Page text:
Archive for the 'Computer' Category

First MacBook “virus”

newton-computer03.jpg Baptised Newton, in reference to the father of gravity, this virus won’t let you down. Once the USB device containing Newton is attached to a target MacBook, it upload itself to the computer and does it thing: once the target come back to his computer, gravity enters the computer and smash everything it can. (see video)
Spice up your colleagues’ day with our Newton Virus, the first virus to introduce gravity to your laptop, causing the desktop icons to fall down as if subject to the gravitational pull from the real world.
Continue reading ‘First MacBook “virus”’

Backpacker’s Diary PC concept: the book you won’t forget

bpd1.jpg Backpacker’s diary is an innovative PC concept where everything is under the form of a book. Switch to a page and you’ll have movie, then to another to get the news, yet you can still get access to a “conventional” computer.
Backpacker’s diary is a PC concept that integrate with the form of traditional book, the target user is the enthusiastic travelling fans. In this “book”, different pages include different functions, like media recording, solar recharging and EL illuminant. The approach of reading a book takes the traditional way of operating computer, which encourage those backpackers to experience and share more about their trips.
Continue reading ‘Backpacker’s Diary PC concept: the book you won’t forget’

Adding Another Dimension to Your Monitor


You’ve been staring at those computer and TV screens for ages. Isn’t it about time they started looking back at you?

As soon as the wiimote changed the view of game interfacing, more changes were bound to follow. Now, the wiimote can be used to perform a function called "head tracking.

Basically, the wiimote uses infrared signals to follow the motion of your head. The screen then adjusts to give you a new perspective of the scene you were looking at. The result? A real three-dimensional interface to the gaming system.

In order for this technology to be made use of, the software on your computer or game system needs further development. But expect to see this technology take off soon as more software developers get on board. Once this ball gets rolling, it will be a short time before all best-selling games use a 3D interface.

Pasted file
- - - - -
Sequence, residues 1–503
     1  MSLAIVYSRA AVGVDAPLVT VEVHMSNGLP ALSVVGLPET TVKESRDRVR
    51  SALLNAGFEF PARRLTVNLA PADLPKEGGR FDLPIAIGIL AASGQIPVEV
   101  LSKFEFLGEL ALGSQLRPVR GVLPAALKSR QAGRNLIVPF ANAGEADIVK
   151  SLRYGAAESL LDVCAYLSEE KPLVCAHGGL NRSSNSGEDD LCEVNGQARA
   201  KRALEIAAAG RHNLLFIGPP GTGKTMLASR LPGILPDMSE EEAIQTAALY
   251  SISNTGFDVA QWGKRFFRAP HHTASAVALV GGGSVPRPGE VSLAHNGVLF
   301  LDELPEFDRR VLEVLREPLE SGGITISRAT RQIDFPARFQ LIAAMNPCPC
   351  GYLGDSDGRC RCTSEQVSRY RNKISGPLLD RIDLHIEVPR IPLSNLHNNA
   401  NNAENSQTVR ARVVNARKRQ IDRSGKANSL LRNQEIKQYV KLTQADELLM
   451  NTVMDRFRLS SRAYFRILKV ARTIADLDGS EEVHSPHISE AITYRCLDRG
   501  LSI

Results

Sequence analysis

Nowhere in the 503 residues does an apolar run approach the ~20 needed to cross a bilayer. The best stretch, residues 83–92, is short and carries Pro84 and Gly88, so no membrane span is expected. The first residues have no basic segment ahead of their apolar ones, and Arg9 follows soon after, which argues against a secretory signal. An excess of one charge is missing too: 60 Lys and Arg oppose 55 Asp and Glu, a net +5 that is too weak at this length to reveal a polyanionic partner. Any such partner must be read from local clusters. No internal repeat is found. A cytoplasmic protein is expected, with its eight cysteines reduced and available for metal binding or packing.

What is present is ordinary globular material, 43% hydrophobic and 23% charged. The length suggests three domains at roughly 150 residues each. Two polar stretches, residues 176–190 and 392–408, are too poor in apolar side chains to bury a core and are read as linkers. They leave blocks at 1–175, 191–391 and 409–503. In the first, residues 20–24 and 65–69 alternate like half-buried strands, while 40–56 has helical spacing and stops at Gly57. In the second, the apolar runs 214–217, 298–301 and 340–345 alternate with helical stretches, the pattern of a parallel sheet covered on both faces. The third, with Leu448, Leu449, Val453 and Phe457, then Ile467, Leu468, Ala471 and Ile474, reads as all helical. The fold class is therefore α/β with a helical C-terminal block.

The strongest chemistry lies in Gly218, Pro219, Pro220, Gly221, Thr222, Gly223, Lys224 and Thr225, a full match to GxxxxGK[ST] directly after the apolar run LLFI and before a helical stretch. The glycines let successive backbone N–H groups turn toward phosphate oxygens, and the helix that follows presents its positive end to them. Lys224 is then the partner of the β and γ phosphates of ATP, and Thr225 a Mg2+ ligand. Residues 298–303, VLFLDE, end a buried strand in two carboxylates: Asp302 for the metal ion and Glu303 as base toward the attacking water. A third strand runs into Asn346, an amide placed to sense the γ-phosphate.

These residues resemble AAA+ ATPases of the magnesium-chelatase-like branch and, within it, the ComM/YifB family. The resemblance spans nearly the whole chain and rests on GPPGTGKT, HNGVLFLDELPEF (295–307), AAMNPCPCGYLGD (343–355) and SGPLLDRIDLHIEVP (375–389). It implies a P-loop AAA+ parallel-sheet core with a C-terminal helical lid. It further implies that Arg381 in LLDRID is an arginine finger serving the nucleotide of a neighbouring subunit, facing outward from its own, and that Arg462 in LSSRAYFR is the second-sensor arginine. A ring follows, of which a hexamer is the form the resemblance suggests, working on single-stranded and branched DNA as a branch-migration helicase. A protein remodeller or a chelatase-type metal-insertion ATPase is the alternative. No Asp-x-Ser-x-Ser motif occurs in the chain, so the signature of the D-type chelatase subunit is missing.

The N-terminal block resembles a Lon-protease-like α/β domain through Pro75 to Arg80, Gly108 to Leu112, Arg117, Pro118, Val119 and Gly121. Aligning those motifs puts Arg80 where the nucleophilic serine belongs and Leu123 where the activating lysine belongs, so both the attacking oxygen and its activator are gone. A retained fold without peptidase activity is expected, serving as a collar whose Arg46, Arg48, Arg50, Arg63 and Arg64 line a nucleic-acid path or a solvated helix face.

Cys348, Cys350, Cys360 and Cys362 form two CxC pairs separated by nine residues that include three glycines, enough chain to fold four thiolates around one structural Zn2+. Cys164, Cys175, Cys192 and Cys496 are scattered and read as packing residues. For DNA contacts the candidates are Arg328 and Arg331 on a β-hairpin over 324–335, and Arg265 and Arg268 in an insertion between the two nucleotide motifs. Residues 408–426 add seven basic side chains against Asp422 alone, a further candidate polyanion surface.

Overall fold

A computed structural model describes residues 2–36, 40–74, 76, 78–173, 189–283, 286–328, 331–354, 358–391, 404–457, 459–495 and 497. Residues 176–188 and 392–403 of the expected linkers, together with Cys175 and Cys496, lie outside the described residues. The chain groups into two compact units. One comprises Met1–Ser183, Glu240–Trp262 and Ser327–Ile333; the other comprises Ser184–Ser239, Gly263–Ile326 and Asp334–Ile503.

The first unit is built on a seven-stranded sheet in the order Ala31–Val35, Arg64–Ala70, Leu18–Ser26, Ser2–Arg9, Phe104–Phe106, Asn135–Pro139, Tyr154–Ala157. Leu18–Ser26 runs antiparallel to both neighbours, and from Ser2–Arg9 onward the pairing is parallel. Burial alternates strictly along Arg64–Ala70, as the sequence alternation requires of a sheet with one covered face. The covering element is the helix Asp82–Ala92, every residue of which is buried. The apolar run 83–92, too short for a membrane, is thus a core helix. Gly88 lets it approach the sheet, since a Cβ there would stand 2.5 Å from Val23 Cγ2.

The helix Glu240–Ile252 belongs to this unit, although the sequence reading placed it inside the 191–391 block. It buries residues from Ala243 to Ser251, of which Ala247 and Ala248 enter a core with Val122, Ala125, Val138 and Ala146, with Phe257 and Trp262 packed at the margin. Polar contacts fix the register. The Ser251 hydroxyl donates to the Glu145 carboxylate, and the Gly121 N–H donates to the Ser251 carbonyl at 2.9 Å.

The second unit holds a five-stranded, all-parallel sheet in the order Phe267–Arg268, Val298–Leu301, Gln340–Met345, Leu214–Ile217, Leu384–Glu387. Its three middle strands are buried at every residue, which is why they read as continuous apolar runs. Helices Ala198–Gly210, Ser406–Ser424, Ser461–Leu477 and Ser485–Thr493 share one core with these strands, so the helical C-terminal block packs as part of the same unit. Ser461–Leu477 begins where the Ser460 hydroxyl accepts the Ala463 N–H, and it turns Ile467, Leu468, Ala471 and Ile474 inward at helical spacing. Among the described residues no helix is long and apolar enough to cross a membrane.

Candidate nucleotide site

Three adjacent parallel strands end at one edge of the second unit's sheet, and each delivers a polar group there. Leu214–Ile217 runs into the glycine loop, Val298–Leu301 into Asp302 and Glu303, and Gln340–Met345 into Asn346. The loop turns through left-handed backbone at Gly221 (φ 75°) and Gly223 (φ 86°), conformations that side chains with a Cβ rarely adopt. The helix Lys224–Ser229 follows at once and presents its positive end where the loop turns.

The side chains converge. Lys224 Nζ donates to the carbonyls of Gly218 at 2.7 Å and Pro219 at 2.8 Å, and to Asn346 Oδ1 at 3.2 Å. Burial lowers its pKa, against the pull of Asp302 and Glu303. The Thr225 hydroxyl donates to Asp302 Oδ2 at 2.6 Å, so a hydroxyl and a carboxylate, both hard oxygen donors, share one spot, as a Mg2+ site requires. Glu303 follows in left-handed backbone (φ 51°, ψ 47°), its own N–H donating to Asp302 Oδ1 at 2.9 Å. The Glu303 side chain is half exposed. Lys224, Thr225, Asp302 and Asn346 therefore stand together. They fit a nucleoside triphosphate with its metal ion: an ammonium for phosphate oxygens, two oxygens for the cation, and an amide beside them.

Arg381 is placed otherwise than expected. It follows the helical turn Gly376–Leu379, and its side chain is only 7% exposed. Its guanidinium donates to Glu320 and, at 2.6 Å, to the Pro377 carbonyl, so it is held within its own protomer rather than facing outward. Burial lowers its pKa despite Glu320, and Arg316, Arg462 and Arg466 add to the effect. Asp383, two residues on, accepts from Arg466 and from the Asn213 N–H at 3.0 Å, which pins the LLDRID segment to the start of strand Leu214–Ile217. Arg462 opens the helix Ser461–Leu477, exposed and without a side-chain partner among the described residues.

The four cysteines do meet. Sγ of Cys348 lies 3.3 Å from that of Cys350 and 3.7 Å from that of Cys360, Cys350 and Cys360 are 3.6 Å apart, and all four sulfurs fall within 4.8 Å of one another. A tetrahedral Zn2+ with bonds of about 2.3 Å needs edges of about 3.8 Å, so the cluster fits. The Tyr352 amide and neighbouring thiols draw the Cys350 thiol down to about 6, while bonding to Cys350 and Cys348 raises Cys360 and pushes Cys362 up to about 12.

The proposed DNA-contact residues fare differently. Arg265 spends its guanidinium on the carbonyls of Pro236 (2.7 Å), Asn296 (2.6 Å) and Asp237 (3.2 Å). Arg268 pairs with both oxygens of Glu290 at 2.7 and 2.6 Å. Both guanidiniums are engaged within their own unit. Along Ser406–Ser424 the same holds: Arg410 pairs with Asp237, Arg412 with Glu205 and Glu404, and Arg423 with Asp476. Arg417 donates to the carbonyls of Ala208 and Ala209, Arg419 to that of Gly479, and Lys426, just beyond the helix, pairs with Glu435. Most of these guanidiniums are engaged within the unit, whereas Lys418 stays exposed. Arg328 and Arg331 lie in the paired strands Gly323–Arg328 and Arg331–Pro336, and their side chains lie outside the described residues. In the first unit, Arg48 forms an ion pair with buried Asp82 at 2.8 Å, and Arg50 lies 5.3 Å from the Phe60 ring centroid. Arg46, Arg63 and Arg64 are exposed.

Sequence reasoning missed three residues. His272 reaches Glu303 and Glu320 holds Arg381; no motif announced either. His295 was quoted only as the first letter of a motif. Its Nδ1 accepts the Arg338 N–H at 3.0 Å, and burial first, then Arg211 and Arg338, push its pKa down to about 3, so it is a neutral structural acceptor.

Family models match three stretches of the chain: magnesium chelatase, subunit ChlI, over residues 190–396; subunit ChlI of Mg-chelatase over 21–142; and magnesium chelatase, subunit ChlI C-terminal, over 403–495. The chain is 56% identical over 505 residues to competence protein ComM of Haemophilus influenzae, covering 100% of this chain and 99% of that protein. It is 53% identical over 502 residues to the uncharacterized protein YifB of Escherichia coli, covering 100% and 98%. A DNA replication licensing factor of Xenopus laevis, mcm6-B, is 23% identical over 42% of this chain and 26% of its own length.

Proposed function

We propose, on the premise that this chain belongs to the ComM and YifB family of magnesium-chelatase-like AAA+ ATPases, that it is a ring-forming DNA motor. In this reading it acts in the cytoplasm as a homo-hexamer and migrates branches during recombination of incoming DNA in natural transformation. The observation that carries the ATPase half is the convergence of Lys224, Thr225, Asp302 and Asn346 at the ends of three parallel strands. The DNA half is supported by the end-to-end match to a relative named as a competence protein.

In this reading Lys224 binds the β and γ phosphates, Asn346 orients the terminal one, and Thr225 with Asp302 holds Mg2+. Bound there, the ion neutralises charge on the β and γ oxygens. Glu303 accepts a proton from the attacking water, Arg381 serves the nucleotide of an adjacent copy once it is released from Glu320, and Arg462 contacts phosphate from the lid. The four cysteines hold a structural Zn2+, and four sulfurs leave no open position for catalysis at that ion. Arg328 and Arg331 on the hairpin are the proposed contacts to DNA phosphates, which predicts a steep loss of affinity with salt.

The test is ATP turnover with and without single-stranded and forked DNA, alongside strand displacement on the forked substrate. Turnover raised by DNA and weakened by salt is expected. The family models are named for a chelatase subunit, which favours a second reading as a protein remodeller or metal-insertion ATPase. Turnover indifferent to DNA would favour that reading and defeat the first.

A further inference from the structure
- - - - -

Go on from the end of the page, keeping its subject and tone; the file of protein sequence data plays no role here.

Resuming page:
Yet Another Music Format: On Your Wrist!


It used to be vinyl. Then it was audiotapes and CD’s, and later, MP3’s. (Wait! Did I forget the 8-track?)

Music formats are eternally changing. It seems that music distribution today is a battle between the consumer (who doesn’t want DRM to interfere with their music listening) and the record company (forced to take drastic measures to combat illegal piracy).

The newest innovation may satisfy everybody. Many bands are releasing albums on a small USB stick embedded into a trendy bracelet. This combines actual merchandise with digital access — the music can be played on any USB-enabled music player or downloaded to a computer.

The new format is attracting all kinds of artists, from big names like Erykah Badu and Ringo Starr to local, indie acts. Music fans like it because the format is flexible and free of digital rights management restrictions.

Unfortunately, the technology is still expensive. It’s offered now mainly as a collector’s item. But as USB and Flash technology become cheaper, this could become the new favorite way to buy music.

Find out more about music on USB bracelets at .

An Android in Your Pocket


With the shear volume of cell phone manufacturers and wireless telephone service providers, the market is becoming very fragmented. It’s a little like the days of the railroads before everybody decided on a specific track gauge to use.

The problem? Most cell phone components use proprietary software that will not work with components and services from other brands. You’re probably familiar with this if you’ve switched cell networks and been told that you had to purchase a new phone (or else come up with a dubious way to "unlock" your old one).

Google’s Android technology is meant to solve this issue by providing a general framework for cell phone devices that is easy to modify for specific components. The best part? It’s an open development platform, allowing software designers much more freedom in the applications they offer.

The new Android prototype premiered at the SGMA’s Mobile World Congress in Barcelona. So far, there is no word on when the technology will reach the consumer market.